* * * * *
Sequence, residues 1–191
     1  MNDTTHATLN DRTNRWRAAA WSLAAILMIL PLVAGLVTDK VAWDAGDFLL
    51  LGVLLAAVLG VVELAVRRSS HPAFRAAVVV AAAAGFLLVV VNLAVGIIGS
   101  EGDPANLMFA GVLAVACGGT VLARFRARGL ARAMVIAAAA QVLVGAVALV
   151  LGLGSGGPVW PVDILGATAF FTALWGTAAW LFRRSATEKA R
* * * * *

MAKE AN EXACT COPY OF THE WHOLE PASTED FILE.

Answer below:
Sequence, residues 1–191
     1  MNDTTHATLN DRTNRWRAAA WSLAAILMIL PLVAGLVTDK VAWDAGDFLL
    51  LGVLLAAVLG VVELAVRRSS HPAFRAAVVV AAAAGFLLVV VNLAVGIIGS
   101  EGDPANLMFA GVLAVACGGT VLARFRARGL ARAMVIAAAA QVLVGAVALV
   151  LGLGSGGPVW PVDILGATAF FTALWGTAAW LFRRSATEKA R